Helping his people - instilling the youth -
With faith to follow their creed.

His hopes, and dreams, and destinies -
He trusts to Creator’s hand -
Cherishing all his people hold dear -
Deep in their sacred land.

Intensely proud of his blood is he,
Faith profoundly embedded in stone -
With his people returning this soul-felt love -
He will never walk alone.

Written to Victor Carroll, Cherokee, with deep admiration.
Wado


Web Watch




Resource


The Indian Territory Genealogy and Historical Society is selling its Master Index of the series of books "Our People And Where They Rest", a list of cemeteries and burial sites throughout eastern Oklahoma and the Cherokee Nation Boundary. Cost is $35.00 plus tax and shipping. Phone for details: the Genealogy Society, 918-456-5511, ext. 3221.
- From the Tahlequah, OK web site. See the "Community Calendar".


Recipe Corner


Many thanks to CCS member Margret Hyme for a fun and easy recipe, that makes great traveling food (take-alongs for pow wows), and even freezes well.

Corn Fritters
Enjoy one of two main varieties - doughy little balls, laced with corn, that are deep fried, and the pancake type that are made of more corn than batter and browned in a skillet. Family tradition usually determines which kind are served. Nutrition would nod in favor of the pancake variety, described below.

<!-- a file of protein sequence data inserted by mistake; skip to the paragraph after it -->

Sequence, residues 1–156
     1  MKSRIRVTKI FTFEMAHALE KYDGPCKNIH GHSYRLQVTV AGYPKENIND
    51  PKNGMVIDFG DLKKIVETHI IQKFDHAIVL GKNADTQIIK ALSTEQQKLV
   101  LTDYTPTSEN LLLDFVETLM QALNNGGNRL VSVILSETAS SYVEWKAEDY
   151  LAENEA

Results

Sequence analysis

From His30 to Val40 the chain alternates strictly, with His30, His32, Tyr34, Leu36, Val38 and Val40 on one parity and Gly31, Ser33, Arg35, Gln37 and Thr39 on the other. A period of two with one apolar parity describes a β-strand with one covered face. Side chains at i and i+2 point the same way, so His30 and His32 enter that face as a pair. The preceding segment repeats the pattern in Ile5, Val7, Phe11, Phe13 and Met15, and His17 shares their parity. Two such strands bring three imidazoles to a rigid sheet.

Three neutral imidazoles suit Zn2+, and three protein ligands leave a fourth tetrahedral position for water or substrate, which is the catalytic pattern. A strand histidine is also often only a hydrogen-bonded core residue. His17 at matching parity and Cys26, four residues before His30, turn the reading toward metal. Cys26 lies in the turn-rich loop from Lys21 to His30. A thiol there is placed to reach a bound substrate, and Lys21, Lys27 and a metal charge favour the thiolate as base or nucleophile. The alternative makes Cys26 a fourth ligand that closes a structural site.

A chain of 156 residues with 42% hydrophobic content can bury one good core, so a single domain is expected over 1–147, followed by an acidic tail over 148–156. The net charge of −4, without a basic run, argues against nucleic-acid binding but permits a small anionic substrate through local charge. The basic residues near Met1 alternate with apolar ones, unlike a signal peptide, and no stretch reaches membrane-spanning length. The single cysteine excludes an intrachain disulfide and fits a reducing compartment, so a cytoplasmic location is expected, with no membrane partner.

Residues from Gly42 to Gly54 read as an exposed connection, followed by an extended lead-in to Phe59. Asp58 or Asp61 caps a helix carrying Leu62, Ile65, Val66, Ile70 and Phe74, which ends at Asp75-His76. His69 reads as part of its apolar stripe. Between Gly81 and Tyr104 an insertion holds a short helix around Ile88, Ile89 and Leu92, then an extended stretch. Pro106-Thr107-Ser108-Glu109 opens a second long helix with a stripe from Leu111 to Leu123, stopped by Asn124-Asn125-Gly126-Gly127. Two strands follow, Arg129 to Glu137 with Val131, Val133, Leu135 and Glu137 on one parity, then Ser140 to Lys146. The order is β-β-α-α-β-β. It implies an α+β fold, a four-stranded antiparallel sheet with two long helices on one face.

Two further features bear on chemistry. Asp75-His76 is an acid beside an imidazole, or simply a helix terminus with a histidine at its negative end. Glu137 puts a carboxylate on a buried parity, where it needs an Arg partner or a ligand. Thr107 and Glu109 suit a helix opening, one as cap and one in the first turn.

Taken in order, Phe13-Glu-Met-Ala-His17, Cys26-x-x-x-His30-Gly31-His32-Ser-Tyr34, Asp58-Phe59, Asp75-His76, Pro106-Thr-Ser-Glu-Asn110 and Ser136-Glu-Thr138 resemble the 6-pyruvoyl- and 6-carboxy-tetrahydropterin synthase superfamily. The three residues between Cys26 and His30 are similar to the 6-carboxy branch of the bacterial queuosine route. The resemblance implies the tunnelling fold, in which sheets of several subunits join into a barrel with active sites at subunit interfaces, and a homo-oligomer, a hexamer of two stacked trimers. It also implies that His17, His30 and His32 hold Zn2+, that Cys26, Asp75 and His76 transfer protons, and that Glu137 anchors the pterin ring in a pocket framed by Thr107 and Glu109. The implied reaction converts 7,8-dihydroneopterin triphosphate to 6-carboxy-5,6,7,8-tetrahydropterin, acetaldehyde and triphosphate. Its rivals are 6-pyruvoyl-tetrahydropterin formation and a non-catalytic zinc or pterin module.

One Batch
2-1/2 - 3 cups fresh, grated corn or frozen, whole-kernel corn 2 -eggs, beaten 1/4 cup water or milk 3/4 cup all-purpose flour, sifted 3/4 tsp. salt 1/8 tsp. cayenne pepper 1 tsp. baking powder 1/8 tsp. garlic powder 1/8 tsp. onion powder rosemary to taste - bruise by rolling between fingers or rub in palm of hand (one to two pinches per batch)
Tips: Use two or three batches if more than one person is eating. Fritters may be eaten plain or with flavored syrup when warm from the skillet. Freeze them individually for later use and eat plain at room temperature.


Copyright © The Cherokee Cultural Society of Houston